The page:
David B. Fein, United States Attorney for the District of Connecticut, and Kimberly K. Mertz, Special Agent in Charge of the New Haven Division of the Federal Bureau of Investigation, announced that a federal grand jury sitting in New Haven returned a 12-count indictment today charging David Crespo, 58, of Guilford with mail fraud and wire fraud offenses stemming from his alleged sale of fraudulent artwork.
The indictment alleges that, from approximately 2005 to February 2011, Crespo, an art dealer who conducted business under the name Brandon Gallery in Madison, defrauded his customers by representing that artwork he sold were original pieces by Pablo Picasso and original signed lithographs by Marc Chagall. Crespo also created documents that falsely supported the provenance of the artwork, which he then provided to customers.
The indictment charges Crespo with nine counts of wire fraud and three counts of mail fraud. If convicted, he faces a maximum term of imprisonment of 20 years on each count.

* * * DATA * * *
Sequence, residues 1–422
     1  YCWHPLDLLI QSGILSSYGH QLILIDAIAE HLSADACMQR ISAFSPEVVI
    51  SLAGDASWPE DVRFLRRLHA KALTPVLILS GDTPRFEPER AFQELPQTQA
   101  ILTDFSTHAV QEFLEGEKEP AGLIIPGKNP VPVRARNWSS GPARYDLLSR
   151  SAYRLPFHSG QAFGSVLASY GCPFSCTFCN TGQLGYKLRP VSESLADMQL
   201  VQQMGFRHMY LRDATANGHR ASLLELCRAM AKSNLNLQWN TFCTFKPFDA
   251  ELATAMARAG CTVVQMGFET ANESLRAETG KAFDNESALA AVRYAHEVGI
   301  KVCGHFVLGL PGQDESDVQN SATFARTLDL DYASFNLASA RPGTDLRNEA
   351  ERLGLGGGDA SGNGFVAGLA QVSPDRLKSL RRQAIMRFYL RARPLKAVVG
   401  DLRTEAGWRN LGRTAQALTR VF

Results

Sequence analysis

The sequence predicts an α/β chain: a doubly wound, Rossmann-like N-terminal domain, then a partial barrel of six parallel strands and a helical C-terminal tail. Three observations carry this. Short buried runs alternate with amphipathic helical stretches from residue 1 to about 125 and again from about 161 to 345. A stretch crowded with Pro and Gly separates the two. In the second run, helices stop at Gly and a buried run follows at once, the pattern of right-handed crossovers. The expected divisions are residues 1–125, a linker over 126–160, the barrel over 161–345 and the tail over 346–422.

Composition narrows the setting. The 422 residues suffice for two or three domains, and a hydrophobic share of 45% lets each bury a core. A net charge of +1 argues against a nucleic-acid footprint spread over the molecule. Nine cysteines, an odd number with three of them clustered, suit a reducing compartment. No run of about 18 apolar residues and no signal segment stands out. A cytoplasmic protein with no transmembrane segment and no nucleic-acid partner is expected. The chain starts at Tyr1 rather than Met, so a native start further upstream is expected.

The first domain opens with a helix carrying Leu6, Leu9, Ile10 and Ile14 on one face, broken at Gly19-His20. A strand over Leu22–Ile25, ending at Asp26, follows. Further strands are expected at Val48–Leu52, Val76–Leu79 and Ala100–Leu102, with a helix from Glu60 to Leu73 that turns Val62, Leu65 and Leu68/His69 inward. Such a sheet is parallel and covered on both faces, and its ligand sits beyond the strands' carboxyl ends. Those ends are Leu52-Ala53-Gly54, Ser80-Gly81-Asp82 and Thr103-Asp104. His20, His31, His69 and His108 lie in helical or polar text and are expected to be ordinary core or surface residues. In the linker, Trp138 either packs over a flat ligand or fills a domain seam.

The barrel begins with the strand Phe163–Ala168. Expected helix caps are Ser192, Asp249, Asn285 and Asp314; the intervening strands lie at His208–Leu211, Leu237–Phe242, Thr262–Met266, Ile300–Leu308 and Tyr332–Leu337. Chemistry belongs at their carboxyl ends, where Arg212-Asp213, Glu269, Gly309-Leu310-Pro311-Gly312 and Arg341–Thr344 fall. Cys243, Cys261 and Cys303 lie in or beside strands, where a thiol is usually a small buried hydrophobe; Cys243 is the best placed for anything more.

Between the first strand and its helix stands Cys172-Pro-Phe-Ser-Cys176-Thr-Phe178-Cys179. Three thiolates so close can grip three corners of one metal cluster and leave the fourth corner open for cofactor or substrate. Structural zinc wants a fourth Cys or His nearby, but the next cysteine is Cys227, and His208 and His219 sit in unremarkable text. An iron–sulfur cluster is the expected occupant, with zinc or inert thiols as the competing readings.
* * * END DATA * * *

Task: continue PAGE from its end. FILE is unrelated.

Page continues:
Crespo has been released on a $50,000 bond since his arrest on April 3, 2012.
U.S. Attorney Fein stressed that an indictment is not evidence of guilt. Charges are only allegations, and each defendant is presumed innocent unless and until proven guilty beyond a reasonable doubt.
This matter is being investigated by the Federal Bureau of Investigation and the Madison Police Department. The case is being prosecuted by Assistant United States Attorney Anthony E. Kaplan.